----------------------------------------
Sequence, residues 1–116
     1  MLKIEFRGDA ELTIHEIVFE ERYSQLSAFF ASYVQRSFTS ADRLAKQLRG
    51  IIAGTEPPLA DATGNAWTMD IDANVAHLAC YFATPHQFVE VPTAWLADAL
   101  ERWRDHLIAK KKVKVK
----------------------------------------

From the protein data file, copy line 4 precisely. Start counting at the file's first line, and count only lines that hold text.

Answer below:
   101  ERWRDHLIAK KKVKVK